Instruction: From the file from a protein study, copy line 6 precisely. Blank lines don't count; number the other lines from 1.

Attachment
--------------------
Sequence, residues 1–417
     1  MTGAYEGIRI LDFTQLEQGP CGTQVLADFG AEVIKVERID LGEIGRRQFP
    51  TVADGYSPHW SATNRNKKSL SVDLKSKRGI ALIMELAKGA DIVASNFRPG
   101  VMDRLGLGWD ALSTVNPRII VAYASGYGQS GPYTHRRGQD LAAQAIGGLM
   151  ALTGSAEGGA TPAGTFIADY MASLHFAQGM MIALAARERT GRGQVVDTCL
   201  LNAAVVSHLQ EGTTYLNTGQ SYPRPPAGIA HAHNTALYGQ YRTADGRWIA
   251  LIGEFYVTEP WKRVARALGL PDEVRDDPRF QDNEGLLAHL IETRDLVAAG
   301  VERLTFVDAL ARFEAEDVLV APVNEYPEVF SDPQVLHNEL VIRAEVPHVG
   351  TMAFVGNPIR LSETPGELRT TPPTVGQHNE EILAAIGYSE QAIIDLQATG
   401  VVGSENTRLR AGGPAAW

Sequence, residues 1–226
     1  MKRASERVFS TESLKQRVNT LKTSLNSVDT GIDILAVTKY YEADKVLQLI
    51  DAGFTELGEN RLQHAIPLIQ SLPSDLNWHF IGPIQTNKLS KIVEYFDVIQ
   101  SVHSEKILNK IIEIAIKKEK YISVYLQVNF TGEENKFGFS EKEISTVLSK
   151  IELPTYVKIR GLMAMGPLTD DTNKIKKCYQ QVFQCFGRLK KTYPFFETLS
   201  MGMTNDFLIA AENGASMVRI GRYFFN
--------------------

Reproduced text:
   201  LNAAVVSHLQ EGTTYLNTGQ SYPRPPAGIA HAHNTALYGQ YRTADGRWIA